2. According to the common law of tort, if any person purposefully or unreasonably enters into the land of others and if the nature of such intrudes, is illegal, then it will be regarded as trespass. If such trespass caused injury to the owner or inhabitants of the property, he has all the right to bring civil action against the trespasser. In this case, Gunther has failed to take all the reasonable steps to prevent the acid waters enter into the land of Greg and caused trespass thereby. Greg can sue Gunther for trespassing.
3. Under the common law of Tort, there are two remedies if any party caused breach such as damages and injunction. In case where certain monetary losses have been committed and one of the parties could not get the full payment, the affected party can be opted for equitable remedies. Under this topic, the victim can ask for temporary or permanent restraining order against the defendant. Therefore, Bill can claim for equitable remedies against Hannai.
i. Under contract law, all the parties enter into the contract by conveying their consent. Such conditions are not necessary under Tort Law. It is generic in nature.
ii. Under the contract law, remedies are given to repudiate the contract and put the parties in their pre-contractual position. In Tort, remedies are given to compensate the victim.
iii. In contract, rights and obligation of the parties are engraved in the agreement. However, in tort, the rights of the parties are decided by the court based on the common law.
5. According to the definition, it has been proven that when certain goods are taking intentionally from the possession of the real owner, it will be regarded as conversion. Theft or larceny could be the instances of conversion.
6. There are two types of bailment such as gratuitous bailment and non-gratuitous bailment. Both the bailment can either for the benefits of the bailee or the bailor or for both of them. However, if any of the parties have taking certain quantity of goods without the consent of others, any affected parties may claim for conversion.
Does Greg have an action for trespass to land?
7. Detinue is an actionable claim under the tort law where recovery of illegal possession of properties is made. The three main aspects of demand in this case are: the claimant should have to prove the better rights to possession of the personal property or chattels; the defendant has refused to give the property back to claimant on demand and it is required to be proved that the defendant has possessed over the property wrongfully.
The claim is required to be made in written format.
8. According to the Australian Tenancy law, the landlord should have to serve a notice not less than a period of 14 days for making the claim to vacate the land. In this case, Sharmi has failed to serve the notice and the period given to this effect is unreasonable. Therefore, an action for intruding the land could be made by Bryce.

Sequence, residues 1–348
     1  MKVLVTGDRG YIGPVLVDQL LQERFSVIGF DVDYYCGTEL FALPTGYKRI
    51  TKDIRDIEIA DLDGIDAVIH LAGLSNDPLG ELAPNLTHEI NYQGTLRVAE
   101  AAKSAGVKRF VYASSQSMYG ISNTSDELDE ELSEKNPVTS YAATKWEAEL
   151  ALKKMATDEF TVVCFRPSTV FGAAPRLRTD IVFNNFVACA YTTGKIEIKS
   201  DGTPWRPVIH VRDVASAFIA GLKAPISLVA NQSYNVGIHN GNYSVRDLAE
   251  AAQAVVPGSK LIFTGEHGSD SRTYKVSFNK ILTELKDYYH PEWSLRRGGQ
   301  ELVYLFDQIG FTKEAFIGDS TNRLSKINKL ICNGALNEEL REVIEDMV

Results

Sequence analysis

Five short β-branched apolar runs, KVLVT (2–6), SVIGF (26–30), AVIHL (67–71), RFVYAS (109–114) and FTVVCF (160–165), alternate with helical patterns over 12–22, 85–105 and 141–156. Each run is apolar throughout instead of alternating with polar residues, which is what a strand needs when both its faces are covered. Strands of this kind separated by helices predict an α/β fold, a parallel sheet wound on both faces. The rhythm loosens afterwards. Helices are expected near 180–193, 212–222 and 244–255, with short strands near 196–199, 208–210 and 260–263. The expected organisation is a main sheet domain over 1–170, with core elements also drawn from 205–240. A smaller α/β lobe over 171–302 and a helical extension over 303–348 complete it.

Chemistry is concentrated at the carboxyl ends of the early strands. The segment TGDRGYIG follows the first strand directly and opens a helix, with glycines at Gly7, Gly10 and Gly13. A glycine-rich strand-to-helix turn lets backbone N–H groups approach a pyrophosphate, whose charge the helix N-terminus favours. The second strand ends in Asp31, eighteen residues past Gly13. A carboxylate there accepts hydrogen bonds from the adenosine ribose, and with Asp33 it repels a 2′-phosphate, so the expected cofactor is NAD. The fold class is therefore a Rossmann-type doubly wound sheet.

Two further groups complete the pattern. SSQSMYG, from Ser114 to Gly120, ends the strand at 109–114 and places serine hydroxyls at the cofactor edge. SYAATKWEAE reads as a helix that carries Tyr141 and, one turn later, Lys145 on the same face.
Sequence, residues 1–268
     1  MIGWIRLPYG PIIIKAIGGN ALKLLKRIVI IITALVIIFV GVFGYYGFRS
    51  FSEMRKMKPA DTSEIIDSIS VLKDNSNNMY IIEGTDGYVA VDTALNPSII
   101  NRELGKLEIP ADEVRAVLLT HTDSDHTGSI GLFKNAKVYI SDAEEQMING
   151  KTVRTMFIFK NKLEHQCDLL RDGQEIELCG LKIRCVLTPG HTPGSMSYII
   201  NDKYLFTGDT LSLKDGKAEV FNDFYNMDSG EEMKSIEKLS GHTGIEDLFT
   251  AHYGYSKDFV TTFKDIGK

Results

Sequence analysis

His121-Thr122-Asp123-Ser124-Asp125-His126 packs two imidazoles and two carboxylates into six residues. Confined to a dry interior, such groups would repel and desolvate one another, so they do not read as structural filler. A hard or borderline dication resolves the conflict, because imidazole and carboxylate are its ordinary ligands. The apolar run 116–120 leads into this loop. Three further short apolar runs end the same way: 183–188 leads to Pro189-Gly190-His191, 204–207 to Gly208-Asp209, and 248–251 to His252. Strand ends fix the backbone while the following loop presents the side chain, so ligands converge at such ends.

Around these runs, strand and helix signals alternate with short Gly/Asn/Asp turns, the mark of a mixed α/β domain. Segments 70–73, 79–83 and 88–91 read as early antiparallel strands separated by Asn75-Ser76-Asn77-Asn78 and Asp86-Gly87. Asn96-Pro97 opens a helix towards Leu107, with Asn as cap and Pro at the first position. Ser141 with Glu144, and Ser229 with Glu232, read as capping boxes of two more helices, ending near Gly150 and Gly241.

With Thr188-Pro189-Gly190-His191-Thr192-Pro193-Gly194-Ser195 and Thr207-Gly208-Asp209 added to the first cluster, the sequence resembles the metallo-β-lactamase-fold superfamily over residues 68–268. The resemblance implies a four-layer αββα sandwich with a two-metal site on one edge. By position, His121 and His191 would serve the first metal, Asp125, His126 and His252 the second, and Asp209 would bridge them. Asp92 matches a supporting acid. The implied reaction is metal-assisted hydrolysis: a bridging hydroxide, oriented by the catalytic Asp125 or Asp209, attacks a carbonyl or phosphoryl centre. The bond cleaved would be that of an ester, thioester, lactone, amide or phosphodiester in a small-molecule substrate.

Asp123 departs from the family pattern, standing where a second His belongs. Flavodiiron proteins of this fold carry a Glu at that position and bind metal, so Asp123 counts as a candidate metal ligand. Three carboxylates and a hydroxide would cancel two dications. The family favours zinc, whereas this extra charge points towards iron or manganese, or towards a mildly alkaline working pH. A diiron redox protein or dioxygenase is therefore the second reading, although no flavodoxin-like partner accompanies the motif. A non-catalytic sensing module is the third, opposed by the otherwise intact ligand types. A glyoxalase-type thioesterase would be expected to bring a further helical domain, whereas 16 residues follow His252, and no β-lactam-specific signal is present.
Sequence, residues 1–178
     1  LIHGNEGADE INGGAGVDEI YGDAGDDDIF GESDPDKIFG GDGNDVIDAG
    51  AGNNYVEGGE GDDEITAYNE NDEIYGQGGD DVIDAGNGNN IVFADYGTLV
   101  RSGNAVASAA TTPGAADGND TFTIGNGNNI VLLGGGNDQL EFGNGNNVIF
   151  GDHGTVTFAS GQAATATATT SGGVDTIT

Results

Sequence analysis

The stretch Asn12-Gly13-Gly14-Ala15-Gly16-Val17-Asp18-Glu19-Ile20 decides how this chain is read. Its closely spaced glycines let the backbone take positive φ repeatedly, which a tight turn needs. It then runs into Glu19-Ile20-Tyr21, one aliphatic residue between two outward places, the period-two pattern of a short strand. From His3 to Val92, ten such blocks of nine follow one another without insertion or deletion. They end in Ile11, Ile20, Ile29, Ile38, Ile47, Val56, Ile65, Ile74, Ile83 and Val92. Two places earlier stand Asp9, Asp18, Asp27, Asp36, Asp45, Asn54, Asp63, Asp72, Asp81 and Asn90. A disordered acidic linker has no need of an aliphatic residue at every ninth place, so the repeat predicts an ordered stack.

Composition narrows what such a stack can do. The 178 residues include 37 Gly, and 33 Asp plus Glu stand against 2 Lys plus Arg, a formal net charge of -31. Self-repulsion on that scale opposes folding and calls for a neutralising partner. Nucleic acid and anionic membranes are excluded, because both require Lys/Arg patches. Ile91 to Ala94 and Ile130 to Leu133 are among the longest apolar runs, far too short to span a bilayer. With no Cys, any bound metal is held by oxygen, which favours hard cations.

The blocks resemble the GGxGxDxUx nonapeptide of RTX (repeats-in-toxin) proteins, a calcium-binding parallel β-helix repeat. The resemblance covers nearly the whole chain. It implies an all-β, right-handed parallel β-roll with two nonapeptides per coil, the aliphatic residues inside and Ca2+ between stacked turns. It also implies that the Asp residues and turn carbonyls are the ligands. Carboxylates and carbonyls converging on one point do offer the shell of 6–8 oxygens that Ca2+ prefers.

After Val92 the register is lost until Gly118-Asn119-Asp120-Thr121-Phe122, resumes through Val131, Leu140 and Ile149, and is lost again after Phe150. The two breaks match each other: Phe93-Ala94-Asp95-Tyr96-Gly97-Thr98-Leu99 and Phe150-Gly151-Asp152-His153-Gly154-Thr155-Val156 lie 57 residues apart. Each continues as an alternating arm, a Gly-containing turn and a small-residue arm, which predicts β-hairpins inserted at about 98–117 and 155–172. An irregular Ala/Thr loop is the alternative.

Considering the damage suffered by Bryce, he can ask for aggravated damages (TWNA v Clarke).
9. Under the claim for conversion, the plaintiff has to show that he has a right to posses the goods or chattels. Further, it is required to be proved that defendant has interfered with the property of the plaintiff intentionally and for this, the plaintiff has suffered losses.
10. According to the definition of intentional tort, the offender must have an intention to cause harm to other. However, in this case, it has been observed that the cleaner has failed to check the toilet where Steven has been blocked. However, the cleaner has no intention to harm Steven. Therefore, his action can be known as negligent tort and not intentional tort.
11. Considering the subject matter of the case, it can be stated that the acts of Chris has taken the statue without the consent of its real owner, Coco. Therefore, it attracts the provision of conversion. According to the common rule, Coco can ask for monetary remedies in the form detinue or in the form of trover.
12. The main difference between conversion and detinue has been laid down in its definition. When a person purposefully changed the possession of any goods or property and converted it, it will be regarded as conversion. When any person refused to deliver the goods to the real owner, it will be known as detinue. Further, conversion deals with the illegal possession of personal property. Detinue deals with the possession of goods.
Does Bill have a tortious remedy?
13. Concurrent liability proves the fact that in a single damage; more than one defendant can be held liable. The principle of vicarious liability could be the example of concurrent liability.
14. Considering the case, it can be stated that Ahn could not defend his post for committing trespass to Lucas’s property. According to the elements of the defences available against the trespass, it could be stated that the nature of the acts of trespasser should be reasonable and legal. However, in this case, it has been observed that Ahn trespassed in the land of Lucas for personal revenge.
15. There are certain differences in between the tort of assault and tort of battery. According to the nature of assault, intention of the parties to harm other is essential. However, under battery, intention to cause harm is not necessary. Further, in case of assault, the parties are not generated threats to each other; rather they inflicted harm to them. On the other hand, an opposite mentality could be observed in case of battery.
16. In this case, the women could get the plea of defence of others. According to the law, when the parties have a knowledge that the acts of another could be posed as a threat to harm anyone closed to them. However, the nature of the knowledge or believe should be honest and reasonable in nature.
17. Considering the case, it can be stated that Mikala could bring an action against the doctor under intentional tort, as she has made this clear to him that she could not receive the blood transfusion due to religious prohibition. Therefore, the doctor has proceeded intentionally. According to the kinds of intentional tort, the acts of doctor fall under the category of intentional infliction of emotional distress.
18. The main difference between the terms is that under negligent trespass, rights of the landowner should be violated. In case of negligence, the affected party must have to show that the defendant has failed to perform his duty of care. Intention of the parties forms a part of the negligent trespass. Under negligence, intention of the parties is not necessary.
19. Rosie could not claim for any damage against Syd, as there was a contract between them regarding the permanent nature of the tattoo and Rosie has made her consent regarding the same. Therefore, Syd has a defence of consent against Rosie.